Won’t You Be My Neighbor?

This week, Fred Rogers’ would have celebrated his 84th Birthday.

Did you grow up watching him as I did? I often raced home after school each day, find a quick snack in the kitchen, lay my homework on the bed and turn on KHET to see Mister Rogers Neighborhood.

Mister Rogers and the trolley to the Neighborhood of Makebelieve.

Mister Rogers is more than a television presenter and producer. To me, he is one of the most important philosophers of our time. With a message that promoted love, acceptance and the struggle against the idea of “hate”—even the “little hates” that pervade our individual lives when we least expect they’d arise. Prejudice. Racism. Sexism. I would add homophobia and transphobia.

Central to his teaching, “Knowing that we can be loved exactly as we are gives us all the best opportunity for growing into the healthiest of people.” Mister Rogers also said, “Love isn’t a state of perfect caring. It is an active noun like struggle. To love someone is to strive to accept that person exactly the way he or she is, right here and now.”


Mister Rogers died of stomach cancer on February 27, 2003.

His memorial service on Saturday, May 3 of that year, at Pittsburgh’s Heinz Hall, was the scene of protest by anti-gay groups including Westboro, which decried that the television producer’s message was too open to “heathens” and “sinners.” Gay rights groups and peace activists held a counter protest, drowning hate groups’ voices by singing Mister Rogers’ songs, many of which are about acceptance.

Mental Floss (15 Reasons Mister Rogers Was the Best Neighbor Ever) wrote that Mister Rogers was probably the most tolerant American to have ever existed. “Mister Rogers seems to have been almost exactly the same off-screen as he was onscreen. As an ordained Presbyterian minister, and a man of tremendous faith, Mister Rogers preached tolerance first. Whenever he was asked to castigate non-Christians or gays for their differing beliefs, he would instead face them and say, with sincerity, ‘God loves you just the way you are.’ Often this provoked ire from fundamentalists.”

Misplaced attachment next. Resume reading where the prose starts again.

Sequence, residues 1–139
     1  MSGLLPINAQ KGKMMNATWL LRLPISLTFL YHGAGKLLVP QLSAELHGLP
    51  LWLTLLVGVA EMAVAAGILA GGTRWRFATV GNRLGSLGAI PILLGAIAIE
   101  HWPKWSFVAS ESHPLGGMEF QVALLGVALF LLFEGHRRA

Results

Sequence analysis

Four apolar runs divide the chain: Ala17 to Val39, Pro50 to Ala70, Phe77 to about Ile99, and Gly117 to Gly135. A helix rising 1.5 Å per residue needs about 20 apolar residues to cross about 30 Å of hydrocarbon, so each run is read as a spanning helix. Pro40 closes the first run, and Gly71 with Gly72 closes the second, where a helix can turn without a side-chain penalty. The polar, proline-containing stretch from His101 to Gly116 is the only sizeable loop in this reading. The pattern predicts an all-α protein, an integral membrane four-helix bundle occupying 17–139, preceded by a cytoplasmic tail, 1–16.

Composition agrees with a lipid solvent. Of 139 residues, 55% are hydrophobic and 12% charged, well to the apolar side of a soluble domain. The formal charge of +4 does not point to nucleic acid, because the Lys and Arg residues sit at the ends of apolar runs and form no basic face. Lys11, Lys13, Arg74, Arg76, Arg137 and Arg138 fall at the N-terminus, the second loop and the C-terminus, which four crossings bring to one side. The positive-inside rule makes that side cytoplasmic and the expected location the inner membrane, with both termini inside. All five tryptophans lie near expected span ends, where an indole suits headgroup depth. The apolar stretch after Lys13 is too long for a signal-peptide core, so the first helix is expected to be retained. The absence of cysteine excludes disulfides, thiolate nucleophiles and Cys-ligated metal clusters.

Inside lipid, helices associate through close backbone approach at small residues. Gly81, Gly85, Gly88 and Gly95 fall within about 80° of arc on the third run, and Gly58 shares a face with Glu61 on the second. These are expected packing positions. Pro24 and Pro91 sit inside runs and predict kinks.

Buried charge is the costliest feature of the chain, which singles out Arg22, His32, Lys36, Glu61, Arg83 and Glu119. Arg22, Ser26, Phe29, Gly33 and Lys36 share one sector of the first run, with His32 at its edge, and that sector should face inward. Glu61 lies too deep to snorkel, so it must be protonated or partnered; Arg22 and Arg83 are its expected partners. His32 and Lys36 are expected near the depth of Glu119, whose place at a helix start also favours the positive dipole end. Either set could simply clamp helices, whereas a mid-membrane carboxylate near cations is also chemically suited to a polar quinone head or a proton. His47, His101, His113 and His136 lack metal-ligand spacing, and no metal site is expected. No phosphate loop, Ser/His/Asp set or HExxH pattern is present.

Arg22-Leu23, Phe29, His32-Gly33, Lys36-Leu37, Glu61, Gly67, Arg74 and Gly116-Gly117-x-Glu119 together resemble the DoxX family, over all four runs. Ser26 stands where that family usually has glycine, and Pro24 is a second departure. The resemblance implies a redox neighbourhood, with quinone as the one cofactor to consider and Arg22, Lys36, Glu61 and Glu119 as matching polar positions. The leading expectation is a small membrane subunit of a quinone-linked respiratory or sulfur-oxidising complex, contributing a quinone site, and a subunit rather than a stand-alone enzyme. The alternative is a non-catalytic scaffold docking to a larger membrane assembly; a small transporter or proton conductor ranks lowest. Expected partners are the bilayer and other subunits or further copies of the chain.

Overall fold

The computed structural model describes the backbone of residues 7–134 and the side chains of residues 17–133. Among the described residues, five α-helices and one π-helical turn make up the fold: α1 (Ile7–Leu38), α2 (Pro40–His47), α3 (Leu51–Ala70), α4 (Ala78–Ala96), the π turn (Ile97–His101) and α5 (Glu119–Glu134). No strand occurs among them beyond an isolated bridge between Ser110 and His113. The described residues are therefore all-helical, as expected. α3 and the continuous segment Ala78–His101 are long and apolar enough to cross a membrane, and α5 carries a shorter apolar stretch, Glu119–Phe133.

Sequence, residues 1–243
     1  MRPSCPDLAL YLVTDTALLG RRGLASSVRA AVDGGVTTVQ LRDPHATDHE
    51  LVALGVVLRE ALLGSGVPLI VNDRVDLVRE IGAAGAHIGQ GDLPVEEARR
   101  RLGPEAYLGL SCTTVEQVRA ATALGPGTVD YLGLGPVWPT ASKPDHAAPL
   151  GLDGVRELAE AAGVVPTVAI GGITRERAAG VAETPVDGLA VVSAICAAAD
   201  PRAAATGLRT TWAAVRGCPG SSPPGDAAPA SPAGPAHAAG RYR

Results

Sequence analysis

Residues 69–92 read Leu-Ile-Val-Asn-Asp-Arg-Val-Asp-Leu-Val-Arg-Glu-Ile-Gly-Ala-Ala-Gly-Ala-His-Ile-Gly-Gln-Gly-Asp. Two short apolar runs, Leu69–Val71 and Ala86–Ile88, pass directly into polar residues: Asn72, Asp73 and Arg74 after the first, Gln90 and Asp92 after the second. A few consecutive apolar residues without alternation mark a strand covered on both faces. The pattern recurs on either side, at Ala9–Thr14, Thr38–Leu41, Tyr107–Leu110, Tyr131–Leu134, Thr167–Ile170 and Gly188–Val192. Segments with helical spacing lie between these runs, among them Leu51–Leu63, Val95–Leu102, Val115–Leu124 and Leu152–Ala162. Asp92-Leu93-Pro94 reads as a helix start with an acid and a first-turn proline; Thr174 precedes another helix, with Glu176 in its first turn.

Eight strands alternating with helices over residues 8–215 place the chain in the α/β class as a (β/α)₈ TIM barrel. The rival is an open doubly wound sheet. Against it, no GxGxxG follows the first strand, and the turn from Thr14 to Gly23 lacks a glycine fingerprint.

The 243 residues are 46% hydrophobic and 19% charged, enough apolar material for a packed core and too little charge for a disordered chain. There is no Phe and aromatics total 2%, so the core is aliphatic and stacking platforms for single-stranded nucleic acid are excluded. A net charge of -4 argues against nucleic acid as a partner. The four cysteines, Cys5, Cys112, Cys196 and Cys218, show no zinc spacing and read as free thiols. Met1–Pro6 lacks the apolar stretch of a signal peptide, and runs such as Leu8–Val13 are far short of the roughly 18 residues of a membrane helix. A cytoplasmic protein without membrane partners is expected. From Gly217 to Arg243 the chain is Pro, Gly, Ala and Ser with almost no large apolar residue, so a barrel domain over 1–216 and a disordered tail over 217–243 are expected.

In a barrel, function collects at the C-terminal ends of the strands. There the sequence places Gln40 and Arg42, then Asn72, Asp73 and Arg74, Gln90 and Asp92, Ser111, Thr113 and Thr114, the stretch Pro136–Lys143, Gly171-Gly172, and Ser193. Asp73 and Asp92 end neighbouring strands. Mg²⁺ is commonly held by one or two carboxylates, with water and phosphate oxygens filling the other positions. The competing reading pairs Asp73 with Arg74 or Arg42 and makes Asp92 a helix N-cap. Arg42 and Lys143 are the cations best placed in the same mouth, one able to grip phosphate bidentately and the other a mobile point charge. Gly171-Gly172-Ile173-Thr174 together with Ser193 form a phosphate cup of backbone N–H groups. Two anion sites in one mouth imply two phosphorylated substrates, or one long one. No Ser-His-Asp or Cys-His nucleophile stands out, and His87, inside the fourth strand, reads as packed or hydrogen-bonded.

Remember the song that goes “It’s you I like?” Like many of Mister Rogers’ songs, there’s so much more behind the words.

Mister Rogers shared, “When I say it’s you I like, I’m talking about that part of you that knows that life is far more than anything you can ever see or hear or touch. That deep part of you that allows you to stand for those things without which humankind cannot survive. Love that conquers hate, peace that rises triumphant over war, and justice that proves more powerful than greed.”

Perfect message to sing to a mob of haters, eh?


A major part of my own philosophy is that we are never inconsequential. Everyone we meet, even but for a small moment, we meet for a reason. I obviously brightened up when I first read that Mister Rogers believed in the same.

Mister Rogers said, “If you could only sense how important you are to the lives of those you meet; how important you can be to the people you may never even dream of. There is something of yourself that you leave at every meeting with another person.” 


There are some lines from Mister Rogers’ writings that can be haunting to me at a very intimate level. One I’ve been revisiting a lot lately is, “You rarely have time for everything you want in this life, so you need to make choices. And hopefully your choices can come from a deep sense of who you are.”

I’ve recently surrounded myself with a couple of guys who have a deep sense of who they are and have turned their Neighborhoods of Makebelieve into reality. They’re reawakening some of my own dormant dreams and have become empowering figures that have led me to some of my newest projects. And praise, Mister Rogers! I like to think his writings, his memories, have helped me find some needed inspiration in a moment where I felt a little disconnected and lost.

Feeling disconnected happens a lot to me, and I suppose to a lot of you, too. Disconnect is sometimes a feeling like something has come to an end. Mister Rogers had a thought for that, too.


“Often when you think you’re at the end of something, you’re at the beginning of something else.”

So. I’m standing at the beginning.

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